Presentation on theme: "The Global Village Marshall McLuhan: “Global village” “Members of every nation are connected by communication technology.”"— Presentation transcript:
The Global Village Marshall McLuhan: “Global village” “Members of every nation are connected by communication technology.”
Culture and Interpersonal Communication Culture: The relatively specialized lifestyle of a group of people. Includes: values, beliefs, ways of behaving and communicating, artifacts
Cultural and other influences UNIVERSAL LEVEL: characteristics that are shared by all humans (biological traits) INDIVIDUAL LEVEL: characteristics that are unique to a particular individual. COLLECTIVE LEVEL: certain values, attitudes, and, consequently, behavior, are shared with other members of a group (culture, subculture)
Acquiring culture Enculturation: learning culture into which you were born Acculturation: learning a new culture
Boundaries of cultures Not all members of a culture are alike; each member has a unique view of their culture. The differences are due, at least in part, to the existence of subcultures: groups within a culture whose members share many of the values of the culture but also have some values that differ from the larger culture.
Fundamental Concepts In-groups Out-groups Social identity Co-culture
Degrees of Cultural Significance Encounters fit along a spectrum of “interculturalness” Least intercultural: Cultural differences mean little Most intercultural: Differences, backgrounds, beliefs noteworthy “Salience”: The weight we attach to a particular person or phenomenon.
Interpersonal / Intercultural significance
American culture Liberty: the perception that a minimum of limitations should be preserved Support for free enterprise Individual responsibility. Equality: Equal opportunity, but not equal outcomes. Democracy: Government accountable to the people. Civic duty: People should be involved in community and civic affairs. Interpersonal Trust. Confident expectation of reliable and truthful cooperation.
Cultural traits Power Distance Individualism / Collectivism Uncertainty Avoidance Achievement High- and Low-Context cultures
Individualism / Collectivism The extent to which individuals are expected to look after themselves, as opposed to strong social and family ties that offer unconditional support and protection in exchange for loyalty. Individualistic societies are characterized by open choices, while collectivistic societies are characterized by prescribed choices.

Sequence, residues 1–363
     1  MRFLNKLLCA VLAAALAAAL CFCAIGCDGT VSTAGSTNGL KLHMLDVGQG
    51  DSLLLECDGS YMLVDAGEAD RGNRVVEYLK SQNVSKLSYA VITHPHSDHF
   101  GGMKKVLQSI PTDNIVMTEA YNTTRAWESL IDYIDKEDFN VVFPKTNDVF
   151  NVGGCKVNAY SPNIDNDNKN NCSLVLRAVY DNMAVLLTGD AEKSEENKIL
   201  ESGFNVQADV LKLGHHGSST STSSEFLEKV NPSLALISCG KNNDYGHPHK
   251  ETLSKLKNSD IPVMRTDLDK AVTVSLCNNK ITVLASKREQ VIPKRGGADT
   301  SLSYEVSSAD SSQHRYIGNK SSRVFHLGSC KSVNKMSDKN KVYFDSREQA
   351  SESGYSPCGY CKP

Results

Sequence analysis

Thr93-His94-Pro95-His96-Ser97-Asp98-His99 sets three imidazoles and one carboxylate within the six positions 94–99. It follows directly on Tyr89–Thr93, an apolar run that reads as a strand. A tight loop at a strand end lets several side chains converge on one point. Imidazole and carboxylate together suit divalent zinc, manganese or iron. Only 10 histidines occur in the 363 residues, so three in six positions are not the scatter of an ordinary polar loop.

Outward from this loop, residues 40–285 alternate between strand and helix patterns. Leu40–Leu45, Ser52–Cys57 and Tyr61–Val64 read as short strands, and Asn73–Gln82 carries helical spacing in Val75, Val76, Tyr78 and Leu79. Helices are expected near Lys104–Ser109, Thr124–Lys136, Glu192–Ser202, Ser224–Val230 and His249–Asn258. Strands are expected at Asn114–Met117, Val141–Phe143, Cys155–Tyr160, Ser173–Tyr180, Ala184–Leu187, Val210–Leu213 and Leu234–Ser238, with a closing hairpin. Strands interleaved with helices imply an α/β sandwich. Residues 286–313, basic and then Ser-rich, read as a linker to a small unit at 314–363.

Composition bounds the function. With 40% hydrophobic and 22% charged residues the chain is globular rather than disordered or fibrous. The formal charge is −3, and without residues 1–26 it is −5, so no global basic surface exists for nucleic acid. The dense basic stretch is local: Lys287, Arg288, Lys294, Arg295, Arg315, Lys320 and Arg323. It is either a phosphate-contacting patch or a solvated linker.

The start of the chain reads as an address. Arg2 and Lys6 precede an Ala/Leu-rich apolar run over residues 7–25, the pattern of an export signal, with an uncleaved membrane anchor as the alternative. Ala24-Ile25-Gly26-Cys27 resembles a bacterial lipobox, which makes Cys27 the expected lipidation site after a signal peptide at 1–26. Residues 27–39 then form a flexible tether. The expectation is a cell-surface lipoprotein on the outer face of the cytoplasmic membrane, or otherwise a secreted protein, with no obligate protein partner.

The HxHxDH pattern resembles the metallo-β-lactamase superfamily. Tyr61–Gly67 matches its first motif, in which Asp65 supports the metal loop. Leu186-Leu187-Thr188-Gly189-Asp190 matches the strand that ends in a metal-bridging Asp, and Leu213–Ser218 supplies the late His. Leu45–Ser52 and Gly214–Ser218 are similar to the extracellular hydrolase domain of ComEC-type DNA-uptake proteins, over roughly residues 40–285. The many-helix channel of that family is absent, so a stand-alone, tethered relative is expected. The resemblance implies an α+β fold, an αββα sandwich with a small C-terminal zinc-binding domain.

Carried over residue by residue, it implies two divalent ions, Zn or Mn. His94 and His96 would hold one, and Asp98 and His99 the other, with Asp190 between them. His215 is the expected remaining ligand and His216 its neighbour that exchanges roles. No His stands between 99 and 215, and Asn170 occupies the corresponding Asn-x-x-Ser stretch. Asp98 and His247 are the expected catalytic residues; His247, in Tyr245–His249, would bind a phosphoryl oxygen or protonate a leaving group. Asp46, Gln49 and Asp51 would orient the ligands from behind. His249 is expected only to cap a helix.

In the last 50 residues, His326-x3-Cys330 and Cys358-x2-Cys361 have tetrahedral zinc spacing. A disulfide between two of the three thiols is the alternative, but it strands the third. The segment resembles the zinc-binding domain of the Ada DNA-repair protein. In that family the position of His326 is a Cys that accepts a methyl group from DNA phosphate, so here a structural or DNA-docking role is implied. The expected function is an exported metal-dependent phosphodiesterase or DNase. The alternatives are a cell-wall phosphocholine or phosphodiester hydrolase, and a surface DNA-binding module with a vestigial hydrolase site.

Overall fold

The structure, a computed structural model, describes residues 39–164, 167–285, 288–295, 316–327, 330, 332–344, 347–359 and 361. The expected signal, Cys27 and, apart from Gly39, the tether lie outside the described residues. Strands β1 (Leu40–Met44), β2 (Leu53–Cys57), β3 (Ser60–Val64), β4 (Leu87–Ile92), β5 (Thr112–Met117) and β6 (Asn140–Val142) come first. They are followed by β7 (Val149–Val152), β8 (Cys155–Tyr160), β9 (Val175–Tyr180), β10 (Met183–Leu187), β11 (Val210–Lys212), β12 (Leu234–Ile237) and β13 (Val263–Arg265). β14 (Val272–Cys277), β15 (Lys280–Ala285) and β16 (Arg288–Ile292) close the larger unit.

Power distance The extent to which the less powerful expect and accept that power is distributed unequally. Power is distributed by the role ones play. Mother - child, Boss - subordinate, Teacher - student. High Power distance usually indicates authoritarian structures in governments. Low Power distance indicates more open societies. Members are not punished for challenging authority.
Uncertainty Avoidance/ Tolerance for Ambiguity The extent to which uncertain or unknown situations are perceived as threatening. High Uncertainty avoidance indicates a strong desire for stable and predictable relationships. Often, not to lose security, people agree to conform. They agree to any form of social rules for the sake of security and peace.
Achievement versus Nurturing (Masculine/Feminine) It measures the extent to which assertiveness, ambition, and achievement dominate in particular culture. Societies characterized by achievement orientation judge individuals by their accomplishments, while societies with ascriptive values measure individuals by their group membership.
Interpersonal Trust. Trust can be defined as non opportunistic behavior. A person whom we trust will not take advantage of a situation to promote his own interest
High- Versus Low-Context Anthropologist Edward T. Hall: Low-context culture Language expresses thoughts, feelings, and ideas as directly as possible. High-context culture Relies heavily on subtle, often nonverbal cues to maintain social harmony
Low ‑ and High ‑ Context Communication High ‑ context messages Message senders expect other people to know what is on their mind and they are not specific when they talk; the listener is supposed to figure out what is happening. High ‑ context communication tends to be indirect and vague.
Low ‑ and High ‑ Context Communication Low ‑ context messages They are characterized by the majority of the information being in the explicit code. Message senders are expected to express themselves clearly and directly, limiting the need for the listener to figure out what is happening.
Low ‑ and High ‑ Context Communication Low ‑ and high ‑ context messages occur in both individualistic and collectivistic cultures, but low ‑ context messages predominate in individualistic cultures and high ‑ context messages predominate in collectivistic cultures.
Verbal Communication Styles Three important differences: Directness and indirectness Elaborateness and succinctness Formality and informality
Nonverbal Codes People of all cultures convey messages through facial expression and gesture. What similarities or differences in facial expression interpretations exist between cultures? Gestures? What cultures have larger “personal space” zones? How do personal space variances create difficult communication situations?
Developing Intercultural Communication Competence Motivation and Attitude / Desire Tolerance for ambiguity / Living with uncertainty Open-mindedness Beware of ethnocentrism Beware of prejudice Beware of stereotyping Knowledge and skill Mindfulness Passive observation / Active strategies Use appropriate self-disclosure